Our strategy consisted of driving on the park roads while checking the GPS*  and the map where the trees are located until we were as close to the sample tree as the road would allow (*note that we used an old-school GPS that only displayed the coordinates and we needed use a paper-map to orientate ourselves). This is where we parked the car, took all the relevant equipment and continued on foot. We also had a armed park ranger who accompanied us on these extravehicular activities. Since the trees of intrest often grow next to rivers we would sample several in one go if they were located reasonably close to each other by following the river or river bed, rather than returning to the car every time.

On ons such an occasion we sampled 5 or 6 trees and had quite a number of bags of figs with the accompanying sticky fig tree latex everywhere, scratches from the falling branches, our entourage insects and the ever present sampling poles when the guard suddenly told us to stop. We were at that time busy sampling the last tree that was also the closest to the car before we would drive on. The reason - a curious elephant was approaching us. All our stuff were strewn around the tree we were sampling, all the sampling poles fully extended and all the maps and collection papers ready to be annotated when this happened. We were to drop everything immediately and move away slowly, preferably downwind from the elephant and if possible also out of sight. We did as instructed and left several hours of work while following the park ranger.

The elephant approached the tree and saw all the stuff. From a distance we saw the elephant. Our fear at this stage was not that the huge beast will see us and try to trample us to death but rather that he/she would destroy some or all of the day's samples and the equipment. Luckily for us this did not happen. After a short while, cautiously walking around the tree, and not-stepping on any of our things or samples, the elephant moved on and disappeared into the bushes several meters away. We waited a while and the guard led us back to the sampling site. We continued, keeping a ear out for any sound but nothing strange happened.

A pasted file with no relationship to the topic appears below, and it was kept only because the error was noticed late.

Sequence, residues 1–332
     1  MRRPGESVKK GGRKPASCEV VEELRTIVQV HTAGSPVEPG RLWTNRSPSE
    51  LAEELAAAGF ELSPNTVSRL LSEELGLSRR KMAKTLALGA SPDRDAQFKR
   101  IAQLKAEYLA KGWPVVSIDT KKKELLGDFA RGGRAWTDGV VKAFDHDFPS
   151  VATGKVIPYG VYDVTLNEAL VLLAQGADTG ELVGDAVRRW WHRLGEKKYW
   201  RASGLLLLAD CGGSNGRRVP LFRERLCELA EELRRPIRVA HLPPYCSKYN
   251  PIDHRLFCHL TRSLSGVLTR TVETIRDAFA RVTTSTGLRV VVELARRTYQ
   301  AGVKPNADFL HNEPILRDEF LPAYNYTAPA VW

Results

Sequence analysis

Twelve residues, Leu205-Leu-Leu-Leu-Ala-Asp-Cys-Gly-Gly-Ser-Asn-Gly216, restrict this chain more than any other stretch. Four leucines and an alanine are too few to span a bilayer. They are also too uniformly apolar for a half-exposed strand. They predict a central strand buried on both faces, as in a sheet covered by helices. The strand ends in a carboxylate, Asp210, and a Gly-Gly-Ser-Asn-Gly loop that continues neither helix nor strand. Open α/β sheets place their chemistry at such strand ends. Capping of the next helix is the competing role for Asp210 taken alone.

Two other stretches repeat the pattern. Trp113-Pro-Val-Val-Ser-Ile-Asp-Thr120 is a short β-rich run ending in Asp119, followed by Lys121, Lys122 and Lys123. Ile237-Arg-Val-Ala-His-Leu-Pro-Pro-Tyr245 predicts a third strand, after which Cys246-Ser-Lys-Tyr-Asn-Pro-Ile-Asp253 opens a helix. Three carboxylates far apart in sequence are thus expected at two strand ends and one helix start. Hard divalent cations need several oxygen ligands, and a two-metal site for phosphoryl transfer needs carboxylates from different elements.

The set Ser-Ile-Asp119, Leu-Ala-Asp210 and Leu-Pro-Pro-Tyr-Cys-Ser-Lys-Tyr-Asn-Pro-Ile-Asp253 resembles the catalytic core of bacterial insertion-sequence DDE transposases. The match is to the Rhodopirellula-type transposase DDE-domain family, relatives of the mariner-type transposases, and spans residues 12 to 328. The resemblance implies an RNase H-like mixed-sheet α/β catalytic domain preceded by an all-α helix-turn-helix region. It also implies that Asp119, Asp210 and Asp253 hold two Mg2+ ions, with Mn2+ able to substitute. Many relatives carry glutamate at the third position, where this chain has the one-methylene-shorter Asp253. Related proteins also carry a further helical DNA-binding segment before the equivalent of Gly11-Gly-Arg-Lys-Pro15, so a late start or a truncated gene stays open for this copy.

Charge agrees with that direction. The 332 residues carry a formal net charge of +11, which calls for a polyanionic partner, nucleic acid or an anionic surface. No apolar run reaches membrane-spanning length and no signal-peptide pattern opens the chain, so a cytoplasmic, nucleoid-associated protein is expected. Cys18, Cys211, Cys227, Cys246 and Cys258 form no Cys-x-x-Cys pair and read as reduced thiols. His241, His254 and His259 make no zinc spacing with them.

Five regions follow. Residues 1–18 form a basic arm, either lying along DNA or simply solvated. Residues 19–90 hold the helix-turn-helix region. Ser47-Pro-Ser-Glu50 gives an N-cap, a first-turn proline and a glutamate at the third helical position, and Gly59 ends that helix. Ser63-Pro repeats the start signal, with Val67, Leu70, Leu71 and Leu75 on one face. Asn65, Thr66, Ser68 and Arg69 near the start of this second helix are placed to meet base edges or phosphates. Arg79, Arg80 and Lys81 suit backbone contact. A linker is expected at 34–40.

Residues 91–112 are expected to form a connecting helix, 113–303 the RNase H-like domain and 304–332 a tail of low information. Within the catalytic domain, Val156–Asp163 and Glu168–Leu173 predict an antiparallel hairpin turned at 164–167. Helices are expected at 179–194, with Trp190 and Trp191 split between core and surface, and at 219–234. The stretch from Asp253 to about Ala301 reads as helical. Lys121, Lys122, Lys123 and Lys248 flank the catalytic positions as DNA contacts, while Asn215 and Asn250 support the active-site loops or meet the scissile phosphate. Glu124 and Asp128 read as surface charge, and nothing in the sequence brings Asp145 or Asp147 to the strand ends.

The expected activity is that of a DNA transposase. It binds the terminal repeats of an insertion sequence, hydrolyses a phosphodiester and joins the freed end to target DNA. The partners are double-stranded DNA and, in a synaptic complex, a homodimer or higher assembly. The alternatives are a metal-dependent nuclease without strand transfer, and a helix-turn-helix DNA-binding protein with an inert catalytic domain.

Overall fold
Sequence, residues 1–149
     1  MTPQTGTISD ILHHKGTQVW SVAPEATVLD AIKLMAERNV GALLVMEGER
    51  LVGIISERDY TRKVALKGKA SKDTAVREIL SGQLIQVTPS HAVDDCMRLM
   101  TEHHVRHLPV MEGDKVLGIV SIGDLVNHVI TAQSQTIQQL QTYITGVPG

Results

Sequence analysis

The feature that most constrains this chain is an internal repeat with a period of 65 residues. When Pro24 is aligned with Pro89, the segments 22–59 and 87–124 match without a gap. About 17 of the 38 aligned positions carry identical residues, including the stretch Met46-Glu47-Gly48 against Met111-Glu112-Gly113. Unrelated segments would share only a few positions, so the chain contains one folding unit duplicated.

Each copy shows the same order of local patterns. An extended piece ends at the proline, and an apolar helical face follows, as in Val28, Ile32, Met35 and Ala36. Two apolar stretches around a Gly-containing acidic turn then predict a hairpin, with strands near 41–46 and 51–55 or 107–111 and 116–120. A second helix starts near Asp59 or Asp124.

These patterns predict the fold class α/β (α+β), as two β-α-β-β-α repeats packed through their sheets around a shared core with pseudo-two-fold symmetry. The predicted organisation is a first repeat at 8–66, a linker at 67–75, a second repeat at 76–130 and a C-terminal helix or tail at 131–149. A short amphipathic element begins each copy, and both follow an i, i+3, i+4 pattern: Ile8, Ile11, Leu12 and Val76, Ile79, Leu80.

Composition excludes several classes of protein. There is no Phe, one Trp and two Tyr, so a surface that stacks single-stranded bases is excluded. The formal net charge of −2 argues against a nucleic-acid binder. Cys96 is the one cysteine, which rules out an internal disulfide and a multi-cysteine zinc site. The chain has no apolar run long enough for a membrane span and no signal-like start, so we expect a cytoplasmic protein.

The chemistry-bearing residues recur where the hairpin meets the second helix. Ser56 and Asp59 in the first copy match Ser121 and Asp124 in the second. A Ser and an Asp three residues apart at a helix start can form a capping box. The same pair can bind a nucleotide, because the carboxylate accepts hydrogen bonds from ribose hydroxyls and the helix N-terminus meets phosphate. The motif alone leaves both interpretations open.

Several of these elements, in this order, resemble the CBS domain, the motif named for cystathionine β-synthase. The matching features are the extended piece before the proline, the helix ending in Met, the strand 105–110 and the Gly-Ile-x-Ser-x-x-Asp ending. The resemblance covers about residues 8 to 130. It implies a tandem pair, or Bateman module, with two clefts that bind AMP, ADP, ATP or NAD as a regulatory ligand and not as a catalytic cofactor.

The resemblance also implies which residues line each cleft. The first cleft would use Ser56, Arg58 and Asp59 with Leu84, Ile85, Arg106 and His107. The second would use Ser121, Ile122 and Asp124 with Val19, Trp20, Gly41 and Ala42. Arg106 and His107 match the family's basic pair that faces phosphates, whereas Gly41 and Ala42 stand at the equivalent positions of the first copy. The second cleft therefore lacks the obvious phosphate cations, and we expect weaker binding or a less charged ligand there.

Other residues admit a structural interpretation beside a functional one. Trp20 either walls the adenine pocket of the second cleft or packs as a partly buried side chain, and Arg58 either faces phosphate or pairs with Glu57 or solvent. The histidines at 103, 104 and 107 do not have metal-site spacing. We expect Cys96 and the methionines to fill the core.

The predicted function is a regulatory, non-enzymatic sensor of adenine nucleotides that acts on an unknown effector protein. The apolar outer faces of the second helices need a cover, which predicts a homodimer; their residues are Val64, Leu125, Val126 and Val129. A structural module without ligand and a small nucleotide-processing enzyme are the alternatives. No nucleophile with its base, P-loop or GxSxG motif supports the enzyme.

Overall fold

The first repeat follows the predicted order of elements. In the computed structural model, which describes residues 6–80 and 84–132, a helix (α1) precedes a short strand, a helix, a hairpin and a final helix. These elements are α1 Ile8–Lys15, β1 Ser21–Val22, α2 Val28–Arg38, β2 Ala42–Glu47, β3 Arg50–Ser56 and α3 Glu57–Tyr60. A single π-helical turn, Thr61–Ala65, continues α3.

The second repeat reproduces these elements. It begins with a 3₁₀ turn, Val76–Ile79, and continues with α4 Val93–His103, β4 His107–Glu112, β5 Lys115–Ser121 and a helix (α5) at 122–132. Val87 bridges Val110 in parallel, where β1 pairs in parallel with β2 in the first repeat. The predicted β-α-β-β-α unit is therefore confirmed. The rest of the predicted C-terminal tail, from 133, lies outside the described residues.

This is one exciting event that happened a lifetime ago while doing field work. Since then life has changed quite a lot. I did, however, recently sprint back home and stumble over the steps next to the house when I thought I heard a beast rapidly approaching from the bushes next to our garden but this turned out to be something different altogether...


Saturday, February 6, 2016

Kameel - our new cat.

This blog seems to be turning into a thorough description of the antics of our cats. Since it is suppose to reflect our adventures in Sweden, it should be clear that what we have mostly done during the last 2 months were cat related (also worked a bit on wooden items, now exclusively posted here). However, once it becomes a bit warmer we will possibly spend less time indoors like hibernating bears and have more to write about.

With that said, I introduce the newest cat in our collection (I recently discovered the word for a group of cats is a clowder): Kameel
Kameel, our new cat